- If playing an instrument, practice where and when it will have least impact on neighbours. Play without amplifiers if possible and use mutes for wind instruments and pads and brushes on drums.
- Where possible, use headphones.
- Take care when closing doors – particularly if you live in a flat with a shared entrance – and particularly late at night and early in the morning. Make sure doors are shut or wedged open to avoid banging in the wind.
- If necessary loosen hinges to reduce impact noise or fit a rubber or spring doorstop attached to the skirting board.
- Cupboard doors can also be annoying – particularly if they are fixed to party walls. Avoid slamming doors. When fitting cupboards use isolating wall plugs.
- Dogs bark – but only bark a lot if they are not content. If you have to leave your dog alone, make sure it’s well exercised and fed. Some dogs like a radio for company, or get a friend or neighbour to look in. If your dog continues to bark, consider dog training.
- Cats can wail and fight – as they are independent they can be difficult to manage – however if a neighbour complains about your cat at least try and keep it in at night.
- If you have a caged bird that likes to sing and squawk, make sure it’s kept where it will least disturb neighbours, particularly at night.
- Some caged pets tend to be more active at night -chewing and rattling their cages. Consider carefully where and how such pets are housed.
- When buying new appliances, buy a quieter model – not all models have a noise rating – if they haven’t, ask why. If manufacturers make claims about noise they must display an EU Energy or CE Label.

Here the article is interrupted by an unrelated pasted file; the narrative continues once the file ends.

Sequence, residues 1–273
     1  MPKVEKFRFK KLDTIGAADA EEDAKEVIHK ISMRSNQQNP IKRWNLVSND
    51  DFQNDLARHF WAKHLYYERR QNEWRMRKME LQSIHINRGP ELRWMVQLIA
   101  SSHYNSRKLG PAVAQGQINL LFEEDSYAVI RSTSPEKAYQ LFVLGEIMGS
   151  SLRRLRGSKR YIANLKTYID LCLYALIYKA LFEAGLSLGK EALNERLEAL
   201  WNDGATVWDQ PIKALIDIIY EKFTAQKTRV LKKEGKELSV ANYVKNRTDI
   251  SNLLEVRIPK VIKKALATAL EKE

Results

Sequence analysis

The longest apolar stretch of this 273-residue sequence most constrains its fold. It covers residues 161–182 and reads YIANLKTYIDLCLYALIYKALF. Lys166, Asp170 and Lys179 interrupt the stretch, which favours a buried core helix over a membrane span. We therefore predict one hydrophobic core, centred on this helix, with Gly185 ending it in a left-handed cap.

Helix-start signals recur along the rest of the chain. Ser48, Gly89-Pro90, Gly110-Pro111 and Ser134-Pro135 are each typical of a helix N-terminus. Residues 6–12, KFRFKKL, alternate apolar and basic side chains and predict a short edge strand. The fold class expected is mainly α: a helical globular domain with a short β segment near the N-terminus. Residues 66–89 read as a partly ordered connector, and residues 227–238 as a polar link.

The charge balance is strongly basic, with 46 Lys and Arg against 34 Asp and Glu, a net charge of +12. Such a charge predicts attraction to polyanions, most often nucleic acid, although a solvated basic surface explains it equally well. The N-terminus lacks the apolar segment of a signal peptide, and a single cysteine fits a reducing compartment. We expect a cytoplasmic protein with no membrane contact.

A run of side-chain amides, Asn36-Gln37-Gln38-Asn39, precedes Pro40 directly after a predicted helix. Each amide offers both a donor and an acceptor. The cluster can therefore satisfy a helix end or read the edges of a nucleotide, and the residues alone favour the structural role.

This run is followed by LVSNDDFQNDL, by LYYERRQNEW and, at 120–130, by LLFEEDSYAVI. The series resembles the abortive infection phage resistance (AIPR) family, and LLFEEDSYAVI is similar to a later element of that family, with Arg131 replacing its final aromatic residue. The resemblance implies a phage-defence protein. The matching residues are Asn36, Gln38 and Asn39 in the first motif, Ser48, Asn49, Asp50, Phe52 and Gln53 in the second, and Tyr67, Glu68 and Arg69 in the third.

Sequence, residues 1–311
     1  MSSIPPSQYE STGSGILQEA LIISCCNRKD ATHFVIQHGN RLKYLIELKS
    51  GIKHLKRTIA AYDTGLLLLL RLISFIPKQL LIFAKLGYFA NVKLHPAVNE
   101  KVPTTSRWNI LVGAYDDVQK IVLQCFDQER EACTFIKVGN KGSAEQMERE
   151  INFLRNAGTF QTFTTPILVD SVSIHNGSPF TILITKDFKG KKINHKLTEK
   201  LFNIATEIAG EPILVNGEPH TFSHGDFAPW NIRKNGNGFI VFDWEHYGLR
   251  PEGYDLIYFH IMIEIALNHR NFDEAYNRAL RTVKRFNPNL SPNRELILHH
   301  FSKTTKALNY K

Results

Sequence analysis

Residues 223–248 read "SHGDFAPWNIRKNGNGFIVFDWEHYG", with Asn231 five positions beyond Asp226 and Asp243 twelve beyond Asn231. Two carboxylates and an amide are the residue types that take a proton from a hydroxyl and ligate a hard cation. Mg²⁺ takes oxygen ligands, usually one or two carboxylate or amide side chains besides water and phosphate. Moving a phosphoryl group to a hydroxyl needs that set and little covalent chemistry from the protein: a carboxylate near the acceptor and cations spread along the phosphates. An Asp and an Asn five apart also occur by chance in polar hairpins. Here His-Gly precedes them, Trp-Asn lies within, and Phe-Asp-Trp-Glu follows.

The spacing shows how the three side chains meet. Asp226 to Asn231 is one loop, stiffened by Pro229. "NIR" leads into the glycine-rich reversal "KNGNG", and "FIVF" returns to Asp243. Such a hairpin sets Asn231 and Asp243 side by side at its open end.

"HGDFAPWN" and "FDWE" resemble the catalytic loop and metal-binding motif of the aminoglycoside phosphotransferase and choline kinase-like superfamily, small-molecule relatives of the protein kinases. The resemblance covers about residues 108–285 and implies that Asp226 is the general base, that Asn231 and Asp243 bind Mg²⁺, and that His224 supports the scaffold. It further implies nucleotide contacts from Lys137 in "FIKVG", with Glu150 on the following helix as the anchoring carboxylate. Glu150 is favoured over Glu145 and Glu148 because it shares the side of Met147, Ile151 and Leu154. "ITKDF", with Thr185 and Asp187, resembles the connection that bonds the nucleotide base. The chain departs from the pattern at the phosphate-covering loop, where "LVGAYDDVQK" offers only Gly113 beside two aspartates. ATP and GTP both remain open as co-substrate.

- For washing machines, if possible, place on an even, concrete floor; do not overload and spread load evenly; run the machine at a time when it will least disturb neighbours – remember the final spin is the noisiest bit.
- Check the rotating arms spin freely before starting as this will avoid thudding.
- Do the vacuuming at a reasonable time – especially if you live in a flat or terrace, avoid early morning or late night cleaning sprees.
- In the kitchen, avoid banging pans and cupboard doors and don’t use blenders/grinders on surfaces attached to party walls.
- If installing a new boiler, consider the noise impact on your neighbours as well as the legal distances from windows when siting it. If pipes and cisterns are making noises get your plumber to check them, they may need adjusting.
- Ensure extractor fans are securely fitted to avoid rattle, and kept them clean so they run smoothly. Fans on internal toilets should not be switched off – but it may be possible to adjust running times.
- Avoid putting your refrigerator or freezer against a party wall – vibration from these can pass through the structure. Vibration can also pass through floors – if you live in a flat avoid placing your fridge above a neighbours bedroom.”
With all noise issues, sometimes soundproofing is the only solution and when this is the case, go to the domestic soundproofing experts at www.keepitquiet.co.uk or call the Sales department on01993704981